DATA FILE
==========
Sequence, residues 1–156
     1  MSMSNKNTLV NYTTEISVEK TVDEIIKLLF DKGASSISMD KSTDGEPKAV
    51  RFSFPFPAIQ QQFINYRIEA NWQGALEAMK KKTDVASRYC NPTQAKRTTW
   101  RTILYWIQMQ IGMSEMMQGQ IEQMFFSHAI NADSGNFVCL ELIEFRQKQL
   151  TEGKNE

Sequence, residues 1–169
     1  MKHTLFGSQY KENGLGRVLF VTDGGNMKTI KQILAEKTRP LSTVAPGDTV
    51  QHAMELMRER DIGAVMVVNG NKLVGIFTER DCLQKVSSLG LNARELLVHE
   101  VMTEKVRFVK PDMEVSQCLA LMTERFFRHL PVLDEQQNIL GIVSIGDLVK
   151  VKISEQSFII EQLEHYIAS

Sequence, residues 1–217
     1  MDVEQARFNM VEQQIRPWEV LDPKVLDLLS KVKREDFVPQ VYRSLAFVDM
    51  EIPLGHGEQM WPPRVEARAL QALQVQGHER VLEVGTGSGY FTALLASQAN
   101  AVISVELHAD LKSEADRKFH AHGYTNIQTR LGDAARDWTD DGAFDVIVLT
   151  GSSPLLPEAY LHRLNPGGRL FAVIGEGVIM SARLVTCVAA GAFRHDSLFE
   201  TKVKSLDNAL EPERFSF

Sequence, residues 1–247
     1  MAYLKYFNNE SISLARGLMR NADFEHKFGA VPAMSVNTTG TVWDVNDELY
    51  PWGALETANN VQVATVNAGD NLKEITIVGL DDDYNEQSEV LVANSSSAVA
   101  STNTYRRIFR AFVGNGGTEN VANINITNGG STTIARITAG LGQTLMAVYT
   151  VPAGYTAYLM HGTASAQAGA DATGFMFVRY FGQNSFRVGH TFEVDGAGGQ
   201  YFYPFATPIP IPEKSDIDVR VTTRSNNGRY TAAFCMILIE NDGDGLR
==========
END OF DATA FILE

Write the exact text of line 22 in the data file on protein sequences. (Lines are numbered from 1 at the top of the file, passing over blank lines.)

   201  YFYPFATPIP IPEKSDIDVR VTTRSNNGRY TAAFCMILIE NDGDGLR